The planets have been orbiting the Sun for billions of years. Each planet orbits our parent star in an anti-clockwise direction but at different distances and at different speeds. Consequently, each night presents us with a different scene, depending upon where each planet is in relation to the Earth.
Both Mercury and Venus orbit closer to the Sun and are known as the “inner” planets. Consequently they’re never visible at midnight and, at best, they can be seen in either the evening or the pre-dawn sky. Both planets orbit the Sun more quickly than the Earth; Mercury takes just 88 days while Venus, farther out, takes slightly less than 225.
Mars is the first of the “outer” planets, so-called because it orbits at a greater distance from the Sun than the Earth. Unfortunately, it currently appears too close to the Sun to be visible in even the pre-dawn sky but since it moves at a slower pace, the Earth will catch up to the red planet and it will slowly become visible in the pre-dawn sky.
As the gap between Earth and Mars closes, Mars will rise earlier and earlier and will eventually become visible at midnight. How long will this take? About ten months… it will be May 22nd next year before it is at “opposition” (i.e., when it is opposite the Sun in the sky.) At that point, it will rise at sunset and set at sunrise and will therefore be visible throughout the night.
As for the other outer planets – Jupiter, Saturn, Uranus and Neptune – Jupiter is hiding behind the Sun, Saturn is easily visible in the evening sky, Uranus can be seen in the pre-dawn sky and Neptune is almost at opposition. Observers with a telescope can enjoy the distant blue world throughout the night around September 1st.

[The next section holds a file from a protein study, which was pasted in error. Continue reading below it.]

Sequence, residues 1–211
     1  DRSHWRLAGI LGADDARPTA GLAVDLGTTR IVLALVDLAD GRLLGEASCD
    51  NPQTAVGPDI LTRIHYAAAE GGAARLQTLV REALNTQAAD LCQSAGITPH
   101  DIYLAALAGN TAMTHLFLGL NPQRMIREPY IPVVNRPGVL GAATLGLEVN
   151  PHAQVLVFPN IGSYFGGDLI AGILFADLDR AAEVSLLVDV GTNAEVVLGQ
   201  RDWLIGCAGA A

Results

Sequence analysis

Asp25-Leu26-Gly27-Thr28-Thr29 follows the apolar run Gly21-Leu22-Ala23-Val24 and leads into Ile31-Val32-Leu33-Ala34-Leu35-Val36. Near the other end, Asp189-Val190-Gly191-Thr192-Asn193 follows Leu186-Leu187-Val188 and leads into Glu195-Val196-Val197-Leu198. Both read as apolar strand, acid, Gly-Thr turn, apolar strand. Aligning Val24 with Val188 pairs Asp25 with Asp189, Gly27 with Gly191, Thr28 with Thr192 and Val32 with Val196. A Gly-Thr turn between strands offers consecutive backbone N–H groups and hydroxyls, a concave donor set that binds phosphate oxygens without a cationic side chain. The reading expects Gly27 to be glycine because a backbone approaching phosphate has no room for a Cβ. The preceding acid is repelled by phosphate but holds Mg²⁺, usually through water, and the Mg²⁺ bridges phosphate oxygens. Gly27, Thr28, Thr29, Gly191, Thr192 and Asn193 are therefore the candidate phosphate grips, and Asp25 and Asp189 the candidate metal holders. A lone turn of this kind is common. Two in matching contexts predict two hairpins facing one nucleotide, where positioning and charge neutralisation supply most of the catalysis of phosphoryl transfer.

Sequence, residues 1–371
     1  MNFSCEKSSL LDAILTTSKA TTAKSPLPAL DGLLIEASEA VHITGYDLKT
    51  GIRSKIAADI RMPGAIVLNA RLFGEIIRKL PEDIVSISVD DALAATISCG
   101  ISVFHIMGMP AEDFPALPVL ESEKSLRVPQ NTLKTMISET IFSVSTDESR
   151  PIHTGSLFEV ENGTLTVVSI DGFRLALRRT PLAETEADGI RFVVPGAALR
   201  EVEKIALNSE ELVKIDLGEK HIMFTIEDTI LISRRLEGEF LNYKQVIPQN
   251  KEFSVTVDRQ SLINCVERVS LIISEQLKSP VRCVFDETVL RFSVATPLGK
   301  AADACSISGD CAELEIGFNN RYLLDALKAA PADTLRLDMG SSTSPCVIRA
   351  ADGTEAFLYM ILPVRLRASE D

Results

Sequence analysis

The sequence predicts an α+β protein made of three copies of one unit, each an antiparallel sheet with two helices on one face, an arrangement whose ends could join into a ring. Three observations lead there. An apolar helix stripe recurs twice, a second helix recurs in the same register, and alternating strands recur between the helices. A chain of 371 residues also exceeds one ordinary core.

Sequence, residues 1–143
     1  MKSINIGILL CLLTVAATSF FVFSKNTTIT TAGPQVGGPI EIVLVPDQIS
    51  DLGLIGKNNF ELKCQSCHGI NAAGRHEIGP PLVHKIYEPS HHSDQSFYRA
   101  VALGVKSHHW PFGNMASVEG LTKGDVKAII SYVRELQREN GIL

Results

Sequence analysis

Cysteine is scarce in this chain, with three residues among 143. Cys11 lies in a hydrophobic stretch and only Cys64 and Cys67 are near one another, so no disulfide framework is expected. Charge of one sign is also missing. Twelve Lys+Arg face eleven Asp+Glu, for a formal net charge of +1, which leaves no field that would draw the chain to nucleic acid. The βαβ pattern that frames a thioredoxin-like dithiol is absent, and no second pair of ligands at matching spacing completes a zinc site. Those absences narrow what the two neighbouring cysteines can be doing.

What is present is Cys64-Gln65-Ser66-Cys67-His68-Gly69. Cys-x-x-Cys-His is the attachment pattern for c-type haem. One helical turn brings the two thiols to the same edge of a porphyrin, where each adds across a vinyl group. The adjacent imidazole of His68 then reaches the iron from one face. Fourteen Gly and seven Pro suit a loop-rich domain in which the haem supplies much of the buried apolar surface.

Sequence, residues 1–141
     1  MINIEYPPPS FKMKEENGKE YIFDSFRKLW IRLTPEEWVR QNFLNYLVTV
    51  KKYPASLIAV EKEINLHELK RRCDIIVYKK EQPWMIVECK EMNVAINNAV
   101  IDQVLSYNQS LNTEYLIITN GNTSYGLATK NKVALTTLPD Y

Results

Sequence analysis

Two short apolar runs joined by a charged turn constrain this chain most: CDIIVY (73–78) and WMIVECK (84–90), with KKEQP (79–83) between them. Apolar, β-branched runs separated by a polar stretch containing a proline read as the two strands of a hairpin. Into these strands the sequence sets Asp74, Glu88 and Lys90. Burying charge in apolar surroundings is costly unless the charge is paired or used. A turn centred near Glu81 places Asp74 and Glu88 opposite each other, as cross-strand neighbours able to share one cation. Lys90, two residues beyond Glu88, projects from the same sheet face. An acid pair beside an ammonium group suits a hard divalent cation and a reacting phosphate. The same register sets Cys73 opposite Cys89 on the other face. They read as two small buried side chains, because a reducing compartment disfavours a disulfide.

Images courtesy of Mobile Observatory.
01:14 UT – The waning gibbous Moon passes asteroid 4 Vesta. (Vesta: magnitude 6.7. Cetus, pre-dawn sky.)
09:49 UT – Mercury appears 8.2° north of Venus. (Mercury: 90% illuminated, magnitude -0.8, diameter 5.1”. Venus: 4% illuminated, magnitude -4.2, diameter 54.8”. Leo, not visible.)
11:29 UT – The waning gibbous Moon passes Uranus. (Uranus: magnitude 5.8, diameter 3.6”. Pisces, pre-dawn sky.)
Mars leaves Gemini and enters Cancer. (99% illuminated, magnitude 1.7, diameter 3.6”. Not visible.)
Events in bold involve objects and/or events that are visible with the naked eye.
All times are in Universal Time (UTC). To convert the time to your timezone, click here.
2015: An Astronomical Year
|2016: An Astronomical Year||2016: The Night Sky Sights||The Astronomical Almanac (2015-2019)||The Amateur Astronomer’s Notebook (Pocket Edition)|
(Kindle & Paperback)
|(Kindle & Paperback)||(Kindle & Paperback)||(Kindle & Paperback)||
|Amazon – US||Amazon – US||Amazon – US||Amazon – US|
|Amazon – UK||Amazon – UK||Amazon – UK|
Details of all available books across the world can be found here or by visiting the author’s page on Amazon. If you have any comments or questions, please feel free to contact me at astronomywriter “at” gmail.com